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President Tsai Ing-wen Inaugural Address Pays Homage to Covid-19 Heroes

Breaking with tradition, Taiwan’s President Tsai Ing-wen delivered her second-term inaugural speech without a large audience to adhere to the social distancing restrictions. 

Tsai, 63, won a landslide victory in Taiwan’s presidential election in January on the heels of pro-democracy protests in neighboring Hong Kong. In the face of Beijing’s attempts to isolate Taiwan diplomatically, tourism bans, and military demonstrations, Tsai has repeatedly urged Beijing to respect Taiwan’s democratic will. 

“This is the most special presidential inauguration in the history of the Republic of China,” Tsai said, thanking the people of Taiwan for “making such a difficult feat happen.” 

President Tsai extended her gratitude towards every person who patiently lined up outside of pharmacies. “You have shown the world Taiwan’s commitment to civic virtues, even in times of great distress,” she said. 

She went on to thank people who complied with home quarantine and isolation requirements. “You’ve put up with inconveniences in your daily life to keep others healthy,” she said. 

This sense of pride in our country, this community’s shared destiny, and the memories of these past months will live on in all of our hearts. This is what solidarity feels like. — Tsai Ing-wen

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Taiwan twice captivates the international community

Tsai said, “Since January, Taiwan has twice astounded the international community: first, in our democratic elections, and second, in our achievements in the fight against Covid-19.

Due to the country’s successful Covid-19 response, ‘Taiwan’ has appeared on various international media outlets. ‘Taiwan’ was also written on the boxes of medical aid we sent overseas, Tsai said. “We will always offer help to the international community whenever we are able to.”


Taiwan’s six core industries in the post-pandemic era

Tsai’s speech switched its cadence from expressing gratitude to discussing Taiwan’s economic strategies. She mentioned that the pandemic has deeply shocked the world, changing the global political and economic order as well as accelerating the restructuring of the global supply chain. It has also changed how people live and spend money, and even changed the international community’s imagination of Taiwan and its geopolitical situation.

“In 2016, we initiated a new economic development model to help connect Taiwan’s economy to the world,” she said. But in the next four years, Taiwan will face massive changes and restructure in the international economy.

Tsai listed her government’s approach to six strategic industries: 

  1. Continue to develop Taiwan’s information and digital industries. Take advantage of Taiwan’s strengths in the semiconductor and ICT industries to secure a central role in global supply chains, and make Taiwan a new base for the development of IoT and artificial intelligence. 

  2. Develop a cybersecurity industry that can integrate 5G, digital transformation, and national security. Forge a trustworthy and protective cybersecurity system and supply chain.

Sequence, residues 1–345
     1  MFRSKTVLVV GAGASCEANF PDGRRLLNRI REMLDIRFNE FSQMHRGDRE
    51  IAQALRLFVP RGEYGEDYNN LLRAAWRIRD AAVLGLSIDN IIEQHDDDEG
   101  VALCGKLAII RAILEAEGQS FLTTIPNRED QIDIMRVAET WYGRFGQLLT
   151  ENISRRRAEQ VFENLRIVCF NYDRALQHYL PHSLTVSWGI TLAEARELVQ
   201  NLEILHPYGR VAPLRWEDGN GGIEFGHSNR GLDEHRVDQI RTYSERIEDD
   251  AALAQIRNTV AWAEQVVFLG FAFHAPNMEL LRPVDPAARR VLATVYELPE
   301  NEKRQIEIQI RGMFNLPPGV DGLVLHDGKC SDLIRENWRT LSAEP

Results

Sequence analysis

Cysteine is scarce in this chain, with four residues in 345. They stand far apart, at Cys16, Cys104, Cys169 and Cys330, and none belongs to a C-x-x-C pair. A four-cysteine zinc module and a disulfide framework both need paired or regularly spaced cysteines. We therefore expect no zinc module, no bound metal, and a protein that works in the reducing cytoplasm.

3. Create biotech and medical technology industries that can synchronize with the rest of the world. During this pandemic, Taiwanese teams have proven their capabilities in discovering and producing new drugs and vaccines. 

  4. Develop national defense and strategic industries by integrating military and civilian capabilities. Promote technological integration between the military and the private sector in addition to the current domestically-produced naval vessel and aircraft programs, stimulate private-sector production capabilities, and advance into the aviation and space industries.

  5. Accelerate the development of green and renewable energy industries. Achieve the goal of deriving 20 percent of Taiwan’s overall energy from green sources by 2025. 

  6. Ensure the provision of critical supplies, maintain a certain degree of self-sufficiency in the production of face masks, medical and daily supplies, energy, and food.

Tsai also mentioned that in the arena of international affairs, countries that break free of their dependence on others will have a head start on national development. 

“In the coming years, domestic demand will be the sustenance of our industrial development,” she said. “The best example of this is the way in which strategic demand for face masks and other medical supplies during the pandemic has spurred the development of related industries.”

The future defense and renewable energy industries can both follow the model of the pandemic response, developing at a fast pace. 

“We will continue to organize ‘national teams,’ like our face mask team, according to the size and conditions of different industries. We will use our government’s guarantee of domestic demand to establish a global strategic materials manufacturing industry under the ‘Taiwanese brand’ and expand into other markets.

‘Every Taiwanese is a hero’

At the end of her speech, Tsai praised the many heroes in the combat against Covid-19. She asked the national face mask team, the Central Epidemic Command Center’s public health team, and Premier Su Tseng-chang’s team to stand up for a round of applause. 

“I may not be able to call out all of your names, but I want everyone to know that Taiwan has overcome countless challenges over the past 70 years, relying on not just one or two heroes, but thanks to countless heroes such as yourselves, working together to turn the wheels of history. You have helped make Taiwan a happy, safe, and prosperous place for generations to come.”

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